The usual suspects are already sharpening their knives against AT&T's announced acquisition of T-Mobile's U.S. business.
Within hours, the Media Access Project announced that "if approved, this deal would further increase costs and decrease choices for the public." Media reform group Free Press headlined its press release, "Consumers lose when there's less competition." And Public Knowledge condemned the deal as "unthinkable."
That sort of rhetoric is par for the course inside-the-beltway where, for some reason, every combination of business assets is presumed to be hostile to consumers. These groups are so convinced of the evils of mergers that they no longer feel the need for bothersome facts and time-wasting analysis.
But out here in the real world, thinking things through is actually still considered a rational way to analyze a problem.
So let's think about the "unthinkable."
Of course, the details of the planned merger haven't been made public yet, so it's hard to say specifically how the combination will affect consumers, influence market dynamics, or change the landscape for communications services--mobile and otherwise.
But at the same time, I don't understand the line of non-reasoning that opposes any combination of two companies in the same industry on the theory that any loss of competition, no matter how theoretical, translates to higher prices and reduced service to consumers.
For starters, it assumes that the sole purpose of any merger is to gain economic leverage over one's customers and to translate that leverage into consumer harm. That, in any case, isn't what managers tell investors, who like the rest of us don't see what a company would have to gain from intentionally fouling its own nest.
From the standpoint of investors, the whole point of mergers of this kind is to give the merged entity economies of scale and other efficiencies that allow it to operate at a lower unit cost. That is, to make it more competitive.
That's especially important in the wide-open and fast-evolving mobile industry. Assuming the deal is ultimately approved, there will still be significant competitors to AT&T in every U.S. market--competitors who will be eager to take advantage of inevitable distractions for AT&T in both pursuing and implementing the merger.
Companies regularly underestimate the costs and time it takes to complete a merger, by the way, which can also be helpful to competitors. And mergers of this scale may fail to ever deliver the benefits to investors that inspire them, perhaps because technological advances in the interim undermine the assumptions that made the merger seem attractive. Witness America Online and Time-Warner, which similarly and incorrectly terrorized consumer advocates in 2000.
(Adam Thierer, now with The Mercatus Center, wrote a brilliant paper in 2009 (PDF) analyzing both the fear-mongering and sober realities of media and communications mergers over the last decade that is well worth rereading.)
More, not less, competition
In opposing mergers without any analysis (which requires thinking, after all), facts pose little obstacle for the true disbelievers. But for those who care about such details, it simply isn't true, as the Media Access Project says in its press release, that "The FCC's National Broadband Plan, issued last year, warned about the absence of sufficient competition in the wireless market."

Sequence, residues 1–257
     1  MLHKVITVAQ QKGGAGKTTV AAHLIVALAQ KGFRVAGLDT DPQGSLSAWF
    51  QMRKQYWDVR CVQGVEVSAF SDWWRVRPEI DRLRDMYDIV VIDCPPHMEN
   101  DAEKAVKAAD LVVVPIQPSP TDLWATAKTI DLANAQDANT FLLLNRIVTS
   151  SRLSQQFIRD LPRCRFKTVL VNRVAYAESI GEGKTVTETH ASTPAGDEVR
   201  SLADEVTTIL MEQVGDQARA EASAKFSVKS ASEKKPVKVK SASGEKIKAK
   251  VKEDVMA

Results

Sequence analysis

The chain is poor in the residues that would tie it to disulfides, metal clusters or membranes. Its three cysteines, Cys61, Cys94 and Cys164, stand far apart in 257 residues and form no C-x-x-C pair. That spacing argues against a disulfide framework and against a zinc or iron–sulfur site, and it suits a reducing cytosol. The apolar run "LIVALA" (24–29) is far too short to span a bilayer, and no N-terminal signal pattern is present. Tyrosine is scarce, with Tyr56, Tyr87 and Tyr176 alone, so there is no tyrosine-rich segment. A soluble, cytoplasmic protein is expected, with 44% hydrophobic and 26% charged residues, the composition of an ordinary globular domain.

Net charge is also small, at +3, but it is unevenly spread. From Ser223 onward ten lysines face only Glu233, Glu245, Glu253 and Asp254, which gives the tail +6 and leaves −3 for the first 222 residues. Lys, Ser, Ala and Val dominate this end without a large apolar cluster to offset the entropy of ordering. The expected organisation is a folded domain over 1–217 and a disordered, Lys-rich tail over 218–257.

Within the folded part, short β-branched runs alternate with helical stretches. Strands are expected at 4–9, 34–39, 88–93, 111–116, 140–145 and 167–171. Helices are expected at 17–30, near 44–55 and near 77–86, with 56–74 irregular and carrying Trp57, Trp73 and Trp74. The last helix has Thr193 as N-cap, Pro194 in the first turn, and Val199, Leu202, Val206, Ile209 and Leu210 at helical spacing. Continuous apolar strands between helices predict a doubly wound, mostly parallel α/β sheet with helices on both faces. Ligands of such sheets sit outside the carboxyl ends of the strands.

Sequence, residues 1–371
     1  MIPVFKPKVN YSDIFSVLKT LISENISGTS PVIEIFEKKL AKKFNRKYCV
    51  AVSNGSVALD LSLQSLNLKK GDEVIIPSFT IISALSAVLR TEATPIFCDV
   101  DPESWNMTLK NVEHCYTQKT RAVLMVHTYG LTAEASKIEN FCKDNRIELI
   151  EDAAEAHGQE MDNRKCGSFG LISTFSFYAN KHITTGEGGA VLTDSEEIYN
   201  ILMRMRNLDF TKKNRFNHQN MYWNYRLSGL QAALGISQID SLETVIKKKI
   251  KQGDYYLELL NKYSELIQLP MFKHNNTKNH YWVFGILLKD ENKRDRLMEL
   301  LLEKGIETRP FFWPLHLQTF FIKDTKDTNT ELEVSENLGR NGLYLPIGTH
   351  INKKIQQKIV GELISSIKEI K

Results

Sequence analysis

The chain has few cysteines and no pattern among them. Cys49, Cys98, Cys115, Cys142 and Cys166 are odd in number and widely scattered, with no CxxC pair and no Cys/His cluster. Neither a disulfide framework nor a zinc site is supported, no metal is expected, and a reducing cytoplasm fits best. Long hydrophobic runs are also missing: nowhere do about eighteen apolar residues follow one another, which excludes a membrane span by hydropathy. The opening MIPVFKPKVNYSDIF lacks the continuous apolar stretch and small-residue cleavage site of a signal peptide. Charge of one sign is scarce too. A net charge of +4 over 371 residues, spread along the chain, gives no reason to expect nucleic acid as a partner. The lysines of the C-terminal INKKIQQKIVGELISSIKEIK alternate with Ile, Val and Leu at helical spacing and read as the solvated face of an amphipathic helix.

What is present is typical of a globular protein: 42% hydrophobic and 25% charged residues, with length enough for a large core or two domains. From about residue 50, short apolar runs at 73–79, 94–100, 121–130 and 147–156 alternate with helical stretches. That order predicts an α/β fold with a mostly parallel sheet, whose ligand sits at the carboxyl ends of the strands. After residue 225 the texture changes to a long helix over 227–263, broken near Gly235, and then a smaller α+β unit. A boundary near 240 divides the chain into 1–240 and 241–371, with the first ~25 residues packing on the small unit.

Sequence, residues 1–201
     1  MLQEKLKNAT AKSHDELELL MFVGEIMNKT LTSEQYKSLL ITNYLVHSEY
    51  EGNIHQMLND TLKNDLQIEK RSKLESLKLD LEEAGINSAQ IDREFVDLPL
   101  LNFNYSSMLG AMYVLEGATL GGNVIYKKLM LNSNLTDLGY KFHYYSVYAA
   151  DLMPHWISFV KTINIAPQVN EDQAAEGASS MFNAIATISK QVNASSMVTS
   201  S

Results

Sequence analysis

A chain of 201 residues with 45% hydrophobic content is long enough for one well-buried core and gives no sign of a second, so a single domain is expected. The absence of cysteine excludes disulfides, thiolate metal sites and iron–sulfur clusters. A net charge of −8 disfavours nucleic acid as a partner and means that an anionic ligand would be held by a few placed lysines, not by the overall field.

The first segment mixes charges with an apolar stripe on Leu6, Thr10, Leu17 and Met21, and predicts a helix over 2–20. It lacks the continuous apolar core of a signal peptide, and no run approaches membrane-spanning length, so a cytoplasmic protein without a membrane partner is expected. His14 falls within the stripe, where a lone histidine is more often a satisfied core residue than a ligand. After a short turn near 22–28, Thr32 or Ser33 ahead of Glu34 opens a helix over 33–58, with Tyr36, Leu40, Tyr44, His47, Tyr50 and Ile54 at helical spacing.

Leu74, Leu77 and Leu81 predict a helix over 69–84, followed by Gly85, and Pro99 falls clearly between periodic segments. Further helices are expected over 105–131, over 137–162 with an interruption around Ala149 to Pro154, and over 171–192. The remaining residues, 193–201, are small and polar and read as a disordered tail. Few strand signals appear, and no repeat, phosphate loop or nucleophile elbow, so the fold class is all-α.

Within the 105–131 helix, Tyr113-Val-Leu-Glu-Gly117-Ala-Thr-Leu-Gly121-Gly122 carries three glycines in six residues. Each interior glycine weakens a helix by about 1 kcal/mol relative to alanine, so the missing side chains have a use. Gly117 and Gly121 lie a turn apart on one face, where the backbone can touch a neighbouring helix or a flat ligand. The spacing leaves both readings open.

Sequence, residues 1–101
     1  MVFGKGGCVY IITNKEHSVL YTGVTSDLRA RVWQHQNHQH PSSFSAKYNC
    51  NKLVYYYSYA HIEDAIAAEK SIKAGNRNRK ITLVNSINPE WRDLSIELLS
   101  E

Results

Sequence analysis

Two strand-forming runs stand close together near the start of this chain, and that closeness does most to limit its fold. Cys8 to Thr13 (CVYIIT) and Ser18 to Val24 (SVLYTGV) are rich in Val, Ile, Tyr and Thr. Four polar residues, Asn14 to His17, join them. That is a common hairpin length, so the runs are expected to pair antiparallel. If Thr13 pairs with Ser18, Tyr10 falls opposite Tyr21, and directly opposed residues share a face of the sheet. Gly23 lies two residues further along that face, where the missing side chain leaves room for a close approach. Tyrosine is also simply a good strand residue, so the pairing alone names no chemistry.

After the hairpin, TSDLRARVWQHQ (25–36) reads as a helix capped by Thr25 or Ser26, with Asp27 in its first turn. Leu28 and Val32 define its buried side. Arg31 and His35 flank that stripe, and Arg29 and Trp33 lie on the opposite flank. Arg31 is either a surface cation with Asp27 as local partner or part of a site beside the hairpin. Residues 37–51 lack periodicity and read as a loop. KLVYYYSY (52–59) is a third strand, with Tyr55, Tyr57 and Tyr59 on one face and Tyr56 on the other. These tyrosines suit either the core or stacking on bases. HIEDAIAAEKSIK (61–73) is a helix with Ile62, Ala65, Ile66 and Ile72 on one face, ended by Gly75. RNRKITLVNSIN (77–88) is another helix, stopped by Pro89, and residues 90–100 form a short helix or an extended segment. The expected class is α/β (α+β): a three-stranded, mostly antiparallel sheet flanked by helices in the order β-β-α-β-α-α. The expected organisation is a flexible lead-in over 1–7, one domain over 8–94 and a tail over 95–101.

Actually reading the FCC's plan, I find just the opposite. There is no hint of a warning about insufficient wireless competition. According to the FCC, rather, as of last year over 77 percent of U.S. homes had access to three or more providers for 3G mobile services.
In fact, the FCC believes that expanding and accelerating the deployment of next-generation 4G services has the potential to increase competition, not just in mobile but in the broader category of all communications services. As higher-speed and more efficient 4G services are implemented, the FCC notes, LTE services have the "potential to be a closer competitor to wireline broadband" than existing 3G services.
Making 4G available to more U.S. consumers, in other words, is not only good for mobile competition but also makes mobile a viable alternative to wired service, where some consumers currently have fewer options.
And the U.S. Department of Justice, who along with the FCC will need to give approval for the merger, agrees. In its submission to the FCC as part of the development of the FCC plan, the Department of Justice said nothing about a lack of competition in wireless service.
Quite the contrary, it found that robust competition was spurring the kind of innovation that was making wireless a viable competitor to wireline. "Emerging fourth generation ('4G') services," the Department wrote, "may well provide an alternative sufficient to lead a significant set of customers to elect a wireless rather than wireline broadband service."
Which is precisely the point of the proposed merger. According to AT&T, "Because of the scale, spectrum and resources resulting from this transaction, AT&T can expand 4G LTE to 95 percent of U.S. population or 294 million people."
By bringing together complementary spectrum from AT&T and T-Mobile, the combined entity will be able to compete more effectively with Verizon in the 4G space, improve overall network performance, and speed up what the Justice Department described as "encouraging signs" that mobile is beginning to compete effectively with wireline service. (Already, significant numbers of U.S. consumers have abandoned wireline telephone service, for example.)
How else can wireless providers improve service?
That, of course, brings up another myth about mergers, which is that they inevitably lead to declines in service quality. Again, let's do the "unthinkable" and hash that through for a moment. Quality of service even in the 3G market is a principal issue on which the competitors compete today--witness the funny (or not-so-funny) commercials all the wireless companies run denouncing the performance of everyone else.